Texas grocery stores are bustling places this time of year, as hordes of shoppers stock up for holiday meals. You’re probably one of them.
So imagine waiting in line with your purchases, reaching for your wallet and suddenly discovering you’re $36 short.
For most of us, this would be an annoyance. But for a family on a tight food budget, $36 could mean the difference between a warm holiday dinner and a cold, empty plate this season.
On Nov. 1, 4 million Texans saw a big chunk of their monthly food budget disappear overnight when a largely unpublicized change to the federal SNAP, or food stamp program, took effect. The change was immediate and irreversible.
Its impact will be greater food insecurity across our state, missed family meals and increased pressure on already stressed charities.
Ironically, this cut will take food off the table at the very time of year when Texans typically do the most for their struggling neighbors. Canned food drives, volunteer events and donations to food banks usually spike over the holidays, perhaps because no one feels right enjoying the season’s abundance when some of their neighbors are going without.
The Nov. 1 cut is the result of a premature end to a boost in food stamp benefits that was part of the 2009 Recovery Act. The boost was intended to support families hurt by the recession as it infused struggling local economies with federal aid.
Economists say the additional benefits reduced food insecurity nationwide and generated $1.70 in economic return for every extra dollar of food stamps spent locally.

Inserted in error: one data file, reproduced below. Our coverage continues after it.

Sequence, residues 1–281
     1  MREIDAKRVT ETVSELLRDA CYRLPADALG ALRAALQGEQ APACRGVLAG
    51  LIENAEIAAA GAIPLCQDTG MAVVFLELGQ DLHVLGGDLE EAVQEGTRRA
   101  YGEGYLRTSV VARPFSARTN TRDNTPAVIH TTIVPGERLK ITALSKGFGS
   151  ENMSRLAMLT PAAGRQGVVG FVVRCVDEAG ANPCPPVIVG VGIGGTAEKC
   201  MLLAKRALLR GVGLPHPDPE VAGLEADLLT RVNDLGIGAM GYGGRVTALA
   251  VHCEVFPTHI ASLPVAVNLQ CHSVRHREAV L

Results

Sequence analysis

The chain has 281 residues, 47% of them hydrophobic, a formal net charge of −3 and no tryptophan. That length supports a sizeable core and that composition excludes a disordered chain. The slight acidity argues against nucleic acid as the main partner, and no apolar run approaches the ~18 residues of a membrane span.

Congress cleverly designed the boost to continue until overtaken by inflation, providing the support families needed at the time while ensuring a soft landing for hungry families when the economy recovered.
But as with many carefully crafted policy initiatives, cleverness and compassion took a back seat to politics in 2010 when Congress voted to end the boost early. Fast forward three years to an economy still struggling to recover and no change in the number or rate of Americans in poverty.
Despite this ongoing hardship for millions of Americans, the hunger clock struck on Nov. 1 for 4 million Texans. A Texas family of four faces an average decrease of $36 dollars in monthly food aid as a result.
The cut will result in $411 million in lost federal aid over the next 11 months. Congress is considering another round of even deeper SNAP cuts as part of the federal farm bill.
Food banks are known for their tireless efforts to fill in the gaps faced by our fellow Texans. We’re proud to offer an opportunity for Texans to nourish their struggling neighbors. But what is less understood is that food banks and food stamps are part of the same system of hunger relief — donating to one while supporting cuts to the other is counter-productive.
Over the next year, with the help of our donors and volunteers, our 21 food banks will distribute enough food for 250 million meals. The Nov. 1 SNAP cut will take 180 million meals off many of the same tables.
You can help your hungry neighbors this holiday season by supporting your local food bank.
But you can help them for many holidays to come by reminding Congress of how valuable SNAP is to your neighbors in need.